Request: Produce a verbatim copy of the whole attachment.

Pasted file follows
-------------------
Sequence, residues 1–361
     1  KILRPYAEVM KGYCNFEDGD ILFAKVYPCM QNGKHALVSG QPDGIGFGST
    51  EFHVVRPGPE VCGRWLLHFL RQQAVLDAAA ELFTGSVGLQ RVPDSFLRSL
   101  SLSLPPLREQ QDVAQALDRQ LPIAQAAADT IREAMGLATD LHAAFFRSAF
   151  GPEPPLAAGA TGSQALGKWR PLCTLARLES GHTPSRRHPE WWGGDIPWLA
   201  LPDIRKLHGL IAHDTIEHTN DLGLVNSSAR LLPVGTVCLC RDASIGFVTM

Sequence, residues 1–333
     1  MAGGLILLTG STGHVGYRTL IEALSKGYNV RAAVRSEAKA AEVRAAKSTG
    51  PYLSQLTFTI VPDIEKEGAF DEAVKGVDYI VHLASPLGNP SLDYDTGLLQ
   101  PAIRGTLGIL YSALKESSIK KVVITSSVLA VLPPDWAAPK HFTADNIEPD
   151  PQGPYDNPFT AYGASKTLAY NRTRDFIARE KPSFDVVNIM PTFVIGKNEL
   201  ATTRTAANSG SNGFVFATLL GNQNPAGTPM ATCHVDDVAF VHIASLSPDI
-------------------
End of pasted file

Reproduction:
Sequence, residues 1–361
     1  KILRPYAEVM KGYCNFEDGD ILFAKVYPCM QNGKHALVSG QPDGIGFGST
    51  EFHVVRPGPE VCGRWLLHFL RQQAVLDAAA ELFTGSVGLQ RVPDSFLRSL
   101  SLSLPPLREQ QDVAQALDRQ LPIAQAAADT IREAMGLATD LHAAFFRSAF
   151  GPEPPLAAGA TGSQALGKWR PLCTLARLES GHTPSRRHPE WWGGDIPWLA
   201  LPDIRKLHGL IAHDTIEHTN DLGLVNSSAR LLPVGTVCLC RDASIGFVTM

Sequence, residues 1–333
     1  MAGGLILLTG STGHVGYRTL IEALSKGYNV RAAVRSEAKA AEVRAAKSTG
    51  PYLSQLTFTI VPDIEKEGAF DEAVKGVDYI VHLASPLGNP SLDYDTGLLQ
   101  PAIRGTLGIL YSALKESSIK KVVITSSVLA VLPPDWAAPK HFTADNIEPD
   151  PQGPYDNPFT AYGASKTLAY NRTRDFIARE KPSFDVVNIM PTFVIGKNEL
   201  ATTRTAANSG SNGFVFATLL GNQNPAGTPM ATCHVDDVAF VHIASLSPDI